England can become "smoke free", ministers have said, as they announced plans to cut the number of smokers.
Unveiling its new Tobacco Control Plan, the Government set out a range of targets aimed at adult smokers, teenagers and pregnant women.
It wants to cut smoking rates among adults to 12% or under by 2022, from 15.5% at present.
Smoking among 15-year-olds who regularly smoke should also drop by 2022 from 8% to 3% or less.
Ministers also want to almost halve smoking in pregnancy by 2022, from 10.7% at present to 6% or under.
The Government said it wants to set a "bold ambition for a smoke-free generation" as it unveiled its plan for England.
Being "smoke free" means that smoking rates fall to 5% or under, with one in 20 people or fewer smoking.
Under the plan, local areas will be encouraged to develop their own tobacco control strategies and local smoke-free pregnancy champions will encourage mothers-to-be to quit.
There will also be a focus on using e-cigarettes and other stop-smoking devices as aids to quitting.
Public Health England (PHE) will update its evidence report on e-cigarettes and other devices annually until the end of 2022 and include messages about the relative safety of e-cigarettes in stop-smoking campaigns.
Ministers will also use the UK's exit from the EU to "identify where we can sensibly deregulate without harming public health".
The report said this would include looking again at the Tobacco Products Directive, including as it applies to e-cigarettes.
Other measures announced include more help for smokers working in the NHS to quit, and working towards a "completely smoke-free NHS estate".
There will also be more help for smokers with mental health problems - figures show that more than 40% of adults with a serious mental illness smoke.
All mental health inpatient services sites will also aim to be smoke free by 2018, and prisons will get more support to become smoke free.
There are currently 7.3 million adult smokers in England and more than 200 people a day die from a smoking-related illness which could have been prevented.
The difference in life expectancy between the poorest and the richest can be as much as nine years - with smoking accounting for about half of this difference.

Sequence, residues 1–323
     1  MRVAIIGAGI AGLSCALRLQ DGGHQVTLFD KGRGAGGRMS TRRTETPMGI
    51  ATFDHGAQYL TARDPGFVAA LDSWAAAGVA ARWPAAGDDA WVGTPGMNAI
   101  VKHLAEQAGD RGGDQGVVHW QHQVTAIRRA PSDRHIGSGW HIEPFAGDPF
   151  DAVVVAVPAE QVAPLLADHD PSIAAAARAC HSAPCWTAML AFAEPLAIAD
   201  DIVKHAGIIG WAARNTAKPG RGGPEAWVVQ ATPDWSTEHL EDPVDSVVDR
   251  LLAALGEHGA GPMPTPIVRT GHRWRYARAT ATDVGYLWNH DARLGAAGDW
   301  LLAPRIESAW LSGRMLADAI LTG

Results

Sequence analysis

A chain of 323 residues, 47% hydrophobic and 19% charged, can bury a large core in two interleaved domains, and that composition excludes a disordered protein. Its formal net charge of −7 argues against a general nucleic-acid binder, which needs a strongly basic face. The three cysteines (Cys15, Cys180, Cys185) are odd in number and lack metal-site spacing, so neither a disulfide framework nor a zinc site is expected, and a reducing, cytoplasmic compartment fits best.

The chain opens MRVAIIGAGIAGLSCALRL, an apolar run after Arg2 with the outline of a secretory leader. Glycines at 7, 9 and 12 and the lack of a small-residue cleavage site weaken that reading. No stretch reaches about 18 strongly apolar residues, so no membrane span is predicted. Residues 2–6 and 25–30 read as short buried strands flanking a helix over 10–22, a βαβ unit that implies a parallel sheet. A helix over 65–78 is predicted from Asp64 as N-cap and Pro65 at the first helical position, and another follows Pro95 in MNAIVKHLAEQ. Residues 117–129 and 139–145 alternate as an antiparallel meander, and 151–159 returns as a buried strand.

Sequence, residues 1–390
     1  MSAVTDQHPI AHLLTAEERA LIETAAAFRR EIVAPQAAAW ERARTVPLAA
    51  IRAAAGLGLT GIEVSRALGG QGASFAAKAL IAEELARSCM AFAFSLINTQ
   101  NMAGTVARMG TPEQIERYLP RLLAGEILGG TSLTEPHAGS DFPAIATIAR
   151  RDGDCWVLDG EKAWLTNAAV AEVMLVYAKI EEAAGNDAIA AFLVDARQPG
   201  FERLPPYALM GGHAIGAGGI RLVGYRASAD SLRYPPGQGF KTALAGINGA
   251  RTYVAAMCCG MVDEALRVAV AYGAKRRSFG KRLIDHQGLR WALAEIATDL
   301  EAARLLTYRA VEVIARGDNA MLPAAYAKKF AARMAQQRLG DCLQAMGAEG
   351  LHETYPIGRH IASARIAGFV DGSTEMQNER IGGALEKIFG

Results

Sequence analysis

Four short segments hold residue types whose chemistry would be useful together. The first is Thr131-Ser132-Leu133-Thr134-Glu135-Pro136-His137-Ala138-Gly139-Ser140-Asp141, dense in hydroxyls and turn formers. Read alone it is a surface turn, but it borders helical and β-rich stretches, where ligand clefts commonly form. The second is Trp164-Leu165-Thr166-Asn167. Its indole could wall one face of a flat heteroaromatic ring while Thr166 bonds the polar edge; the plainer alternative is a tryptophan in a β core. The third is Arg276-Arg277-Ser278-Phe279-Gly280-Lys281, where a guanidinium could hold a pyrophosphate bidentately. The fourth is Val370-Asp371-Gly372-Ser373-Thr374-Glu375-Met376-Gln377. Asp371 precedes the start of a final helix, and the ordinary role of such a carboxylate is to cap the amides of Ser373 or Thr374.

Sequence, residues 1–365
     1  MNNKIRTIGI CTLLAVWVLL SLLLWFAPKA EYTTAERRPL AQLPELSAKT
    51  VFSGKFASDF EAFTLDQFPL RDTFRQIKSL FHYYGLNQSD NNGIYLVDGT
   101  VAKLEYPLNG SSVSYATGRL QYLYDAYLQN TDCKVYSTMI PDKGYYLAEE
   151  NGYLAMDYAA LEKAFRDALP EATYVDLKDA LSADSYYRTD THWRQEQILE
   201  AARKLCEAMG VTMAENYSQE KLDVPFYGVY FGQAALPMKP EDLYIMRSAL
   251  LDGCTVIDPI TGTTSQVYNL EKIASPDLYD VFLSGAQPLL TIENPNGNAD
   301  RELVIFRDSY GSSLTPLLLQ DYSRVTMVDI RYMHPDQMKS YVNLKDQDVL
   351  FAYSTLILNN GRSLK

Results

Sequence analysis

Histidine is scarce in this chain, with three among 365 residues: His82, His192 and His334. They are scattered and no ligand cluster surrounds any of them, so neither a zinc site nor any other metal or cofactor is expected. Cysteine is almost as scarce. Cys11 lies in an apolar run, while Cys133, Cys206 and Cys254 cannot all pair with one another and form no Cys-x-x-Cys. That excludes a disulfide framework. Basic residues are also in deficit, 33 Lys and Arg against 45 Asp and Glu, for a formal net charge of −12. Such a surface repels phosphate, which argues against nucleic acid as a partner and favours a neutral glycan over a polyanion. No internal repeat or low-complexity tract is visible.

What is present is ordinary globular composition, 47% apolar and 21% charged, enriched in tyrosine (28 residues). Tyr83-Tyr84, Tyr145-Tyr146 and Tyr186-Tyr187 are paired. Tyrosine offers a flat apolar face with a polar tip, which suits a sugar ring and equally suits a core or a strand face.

Public health minister Steve Brine said: "Britain is a world leader in tobacco control, and our tough action in the past decade has seen smoking rates in England fall to an all-time low of 15.5%.
"But our vision is to create a smoke-free generation.
"Smoking continues to kill hundreds of people a day in England, and we know the harms fall hardest on some of the poorest and most vulnerable people in our society."
Duncan Selbie, chief executive of PHE, said: "We are at a pivotal point where an end is in sight and a smoke-free generation a reality.
"But the final push, reaching the most vulnerable and disadvantaged, will undoubtedly be the hardest.
"Only by everyone pulling together can we hope to end the loss of life and suffering smoking has wreaked for far too long. Public Health England will do everything possible to make this happen."
Deborah Arnott, chief executive of Action on Smoking and Health (Ash), said: "Funding must be found if the Government is to achieve its vision of a 'smoke-free generation'.
"The tobacco industry should be made to pay through a licence fee on the 'polluter pays' principle.
"Tobacco manufacturers are some of the most profitable companies on earth; they can easily afford the costs of radical action to drive down smoking rates."
Simon Clark, director of smokers' group Forest, said: "The most important stakeholder is the consumer, yet they are routinely ignored by Government.
"Ministers should stop lecturing smokers and engage with them."
He added: "The Tobacco Control Plan should include a systematic review of the impact of measures such as the display ban and plain packaging.
"It's time too to question the use of public money to fund stop-smoking services and other anti-smoking campaigns."
The British Medical Association's board of science chairman Professor Parveen Kumar said: "If we're to stop the 79,000 annual deaths in England attributed to smoking, smoking cessation services and tobacco control measures must be adequately funded, yet local authorities are reducing stop-smoking budgets, merging services into unwieldy departments or cutting services altogether.
"Cuts to these highly cost-effective services will only increase health inequalities and demand on tomorrow's GP surgeries and hospital wards."